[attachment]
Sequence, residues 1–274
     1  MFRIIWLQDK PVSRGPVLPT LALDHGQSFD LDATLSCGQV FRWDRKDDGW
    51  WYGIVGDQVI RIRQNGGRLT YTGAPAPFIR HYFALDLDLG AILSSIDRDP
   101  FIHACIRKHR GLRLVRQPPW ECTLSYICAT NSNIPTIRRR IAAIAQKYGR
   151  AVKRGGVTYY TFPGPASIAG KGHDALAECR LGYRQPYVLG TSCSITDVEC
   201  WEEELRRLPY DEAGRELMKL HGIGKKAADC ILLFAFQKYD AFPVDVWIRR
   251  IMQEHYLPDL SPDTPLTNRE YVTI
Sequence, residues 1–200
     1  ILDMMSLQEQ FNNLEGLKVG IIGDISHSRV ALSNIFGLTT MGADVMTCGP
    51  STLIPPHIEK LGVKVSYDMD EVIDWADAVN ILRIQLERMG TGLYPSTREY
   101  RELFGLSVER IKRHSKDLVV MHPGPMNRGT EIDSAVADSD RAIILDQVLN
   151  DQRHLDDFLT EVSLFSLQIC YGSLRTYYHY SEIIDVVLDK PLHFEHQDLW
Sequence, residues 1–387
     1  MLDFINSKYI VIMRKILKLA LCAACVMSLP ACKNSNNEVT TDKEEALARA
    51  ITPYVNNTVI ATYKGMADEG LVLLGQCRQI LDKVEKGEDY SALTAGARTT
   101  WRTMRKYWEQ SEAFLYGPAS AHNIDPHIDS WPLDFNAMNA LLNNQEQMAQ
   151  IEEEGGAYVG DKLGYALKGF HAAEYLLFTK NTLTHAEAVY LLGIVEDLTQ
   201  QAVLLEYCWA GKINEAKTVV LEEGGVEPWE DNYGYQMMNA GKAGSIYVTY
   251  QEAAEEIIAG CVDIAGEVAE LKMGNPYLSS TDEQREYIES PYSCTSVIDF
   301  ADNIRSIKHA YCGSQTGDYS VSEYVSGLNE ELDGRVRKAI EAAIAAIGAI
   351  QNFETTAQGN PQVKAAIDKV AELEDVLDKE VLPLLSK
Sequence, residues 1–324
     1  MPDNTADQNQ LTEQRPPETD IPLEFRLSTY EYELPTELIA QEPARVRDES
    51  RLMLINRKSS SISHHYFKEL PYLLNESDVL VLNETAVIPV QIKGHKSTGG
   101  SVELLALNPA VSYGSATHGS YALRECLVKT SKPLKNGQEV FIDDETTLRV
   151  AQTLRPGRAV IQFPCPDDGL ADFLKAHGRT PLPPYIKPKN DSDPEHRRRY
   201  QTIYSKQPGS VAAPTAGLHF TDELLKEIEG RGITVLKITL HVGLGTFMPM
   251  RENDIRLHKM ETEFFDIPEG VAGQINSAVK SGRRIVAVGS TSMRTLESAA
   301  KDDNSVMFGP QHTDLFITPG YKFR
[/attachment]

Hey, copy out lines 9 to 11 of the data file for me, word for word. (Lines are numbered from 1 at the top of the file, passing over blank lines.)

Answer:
     1  ILDMMSLQEQ FNNLEGLKVG IIGDISHSRV ALSNIFGLTT MGADVMTCGP
    51  STLIPPHIEK LGVKVSYDMD EVIDWADAVN ILRIQLERMG TGLYPSTREY
   101  RELFGLSVER IKRHSKDLVV MHPGPMNRGT EIDSAVADSD RAIILDQVLN